Standing up for people
Answered by Shaykh Amjad Rasheed
What is the proof of those who say that it is permissible to stand out of respect for others, especially since the Prophet (Allah bless him and give him peace) disliked this?
In the Name of Allah, Most Merciful & Compassionate,
Standing for others is of two types. The first is standing for a corrupt or oppressive person (or someone similar) to honour him; the scholars are in agreement that this is blameworthy unless there is a need to do so, such as when one fears for one’s life or property. The second is standing for those of merit and Islamic distinction, such as scholars, students of sacred knowledge, the righteous, one’s parents, and the elderly, in order to honour them and magnify the religiously venerable state that they are upon (such as religiousness and the like); this is recommended.
The great scholar, Shaykh al-Islam Nawawi has authored a book on this topic, explaining the praiseworthiness of standing for those I mentioned last (above). He gathered therein the rigorously authenticated hadiths and actions of the Companions, Followers, and imams that prove this. He called his book, “The Permission to Stand for those of Merit and Distinction in Islam.” He said in the introduction of this book:
“Allah Most High has commanded us to be gentle with Muslims and honour those of knowledge, scrupulousness, and religion, saying, “And lower your wing for the believers.” Part of being gentle to them and honouring them is that they be respected by speaking to them tenderly and standing for them–not to show off or magnify them, but to show them the above mentioned honour and respect. Countless numbers of scholars, righteous Muslims, scrupulous Muslims, and other exemplars and notables have continually practiced this. [The position that is] chosen [by us], then, is that one should stand for those of merit and distinction, such as scholars, students of knowledge, parents, the righteous, and every excellent person, for numerous hadiths, statements of the noble and righteous early Muslims, and actions of the distinguished (such as scholars, the righteous, those of scrupulousness, and the abstinent) indicate this.”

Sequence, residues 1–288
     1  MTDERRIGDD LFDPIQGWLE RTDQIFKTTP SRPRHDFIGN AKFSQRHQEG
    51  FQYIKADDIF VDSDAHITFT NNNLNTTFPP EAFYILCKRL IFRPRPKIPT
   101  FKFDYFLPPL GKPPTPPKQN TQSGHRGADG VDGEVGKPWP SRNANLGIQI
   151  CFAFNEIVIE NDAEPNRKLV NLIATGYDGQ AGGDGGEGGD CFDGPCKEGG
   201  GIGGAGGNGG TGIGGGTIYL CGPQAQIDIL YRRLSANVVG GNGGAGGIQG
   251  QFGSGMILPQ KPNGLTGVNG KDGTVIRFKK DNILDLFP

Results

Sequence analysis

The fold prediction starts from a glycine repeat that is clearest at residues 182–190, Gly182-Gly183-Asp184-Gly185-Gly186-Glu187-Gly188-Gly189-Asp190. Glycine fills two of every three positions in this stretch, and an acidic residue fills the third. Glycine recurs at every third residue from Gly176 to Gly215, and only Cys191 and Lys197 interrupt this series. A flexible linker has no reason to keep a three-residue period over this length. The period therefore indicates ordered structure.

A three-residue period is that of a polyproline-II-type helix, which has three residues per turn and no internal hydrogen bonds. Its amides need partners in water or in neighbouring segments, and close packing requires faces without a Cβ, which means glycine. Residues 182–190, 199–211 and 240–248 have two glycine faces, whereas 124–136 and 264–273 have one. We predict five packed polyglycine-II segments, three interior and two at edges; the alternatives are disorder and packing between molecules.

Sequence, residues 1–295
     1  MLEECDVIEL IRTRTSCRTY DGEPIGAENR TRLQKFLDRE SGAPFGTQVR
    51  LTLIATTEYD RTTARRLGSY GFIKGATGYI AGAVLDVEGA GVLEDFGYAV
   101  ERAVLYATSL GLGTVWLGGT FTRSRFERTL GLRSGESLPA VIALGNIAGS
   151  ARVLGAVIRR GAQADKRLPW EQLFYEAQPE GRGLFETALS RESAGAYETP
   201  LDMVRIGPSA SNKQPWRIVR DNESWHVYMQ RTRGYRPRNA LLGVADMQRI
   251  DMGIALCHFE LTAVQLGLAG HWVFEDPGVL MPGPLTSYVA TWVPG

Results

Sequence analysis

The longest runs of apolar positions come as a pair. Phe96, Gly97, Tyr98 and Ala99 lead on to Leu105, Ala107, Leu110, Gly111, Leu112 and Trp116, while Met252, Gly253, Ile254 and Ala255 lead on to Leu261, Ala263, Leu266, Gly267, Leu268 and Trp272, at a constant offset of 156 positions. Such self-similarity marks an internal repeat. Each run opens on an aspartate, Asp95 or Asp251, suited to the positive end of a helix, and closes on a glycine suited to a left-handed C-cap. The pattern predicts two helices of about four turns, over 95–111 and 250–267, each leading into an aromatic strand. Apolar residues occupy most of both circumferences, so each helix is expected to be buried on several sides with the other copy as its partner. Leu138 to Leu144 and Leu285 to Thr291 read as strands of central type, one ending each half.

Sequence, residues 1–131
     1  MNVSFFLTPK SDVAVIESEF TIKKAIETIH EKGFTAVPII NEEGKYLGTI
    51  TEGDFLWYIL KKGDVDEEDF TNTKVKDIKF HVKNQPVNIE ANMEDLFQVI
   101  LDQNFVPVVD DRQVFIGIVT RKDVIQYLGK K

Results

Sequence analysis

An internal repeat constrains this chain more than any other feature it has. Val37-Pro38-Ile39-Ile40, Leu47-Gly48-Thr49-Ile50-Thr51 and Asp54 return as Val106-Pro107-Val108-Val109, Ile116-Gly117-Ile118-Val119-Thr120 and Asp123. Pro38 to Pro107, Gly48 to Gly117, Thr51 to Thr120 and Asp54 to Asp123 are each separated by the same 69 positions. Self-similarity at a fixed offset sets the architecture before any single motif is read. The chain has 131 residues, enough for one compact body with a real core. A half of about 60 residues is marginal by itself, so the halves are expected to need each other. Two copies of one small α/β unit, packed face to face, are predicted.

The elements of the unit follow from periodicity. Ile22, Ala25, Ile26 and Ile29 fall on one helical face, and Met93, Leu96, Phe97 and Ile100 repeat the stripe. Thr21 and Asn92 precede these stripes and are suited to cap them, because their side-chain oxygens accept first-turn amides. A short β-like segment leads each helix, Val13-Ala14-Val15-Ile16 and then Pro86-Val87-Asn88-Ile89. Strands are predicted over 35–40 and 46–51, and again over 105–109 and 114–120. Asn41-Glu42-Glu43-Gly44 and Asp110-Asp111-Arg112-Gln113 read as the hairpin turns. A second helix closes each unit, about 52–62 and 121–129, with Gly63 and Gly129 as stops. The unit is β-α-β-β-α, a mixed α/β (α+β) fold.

Among the proofs for this is the hadith related by Abu Sa`id al-Khudri (Allah be pleased with him), who said that a group of people submitted to the decision of Sa`d b. Mu`adh (Allah be pleased with him), who was therefore summoned. He then arrived on a donkey, and when he neared the mosque, the Prophet (Allah bless him and give him peace) said, “Stand for the best of you” (or “your leader”). Nawawi said, “This is a hadith that is rigorously authenticated by scholarly agreement. It was narrated by these imams (i.e., Bukhari, Muslim, Abu Dawud, and Nasa’i) … Scholars, such as the scholars of hadith and sacred law, have used this hadith as a proof for standing.” He then quotes Imam Muslim as saying, “I don’t know of a more authentic hadith regarding one man’s standing for another. This standing is out of politeness (birr), not magnification (ta`dhim).”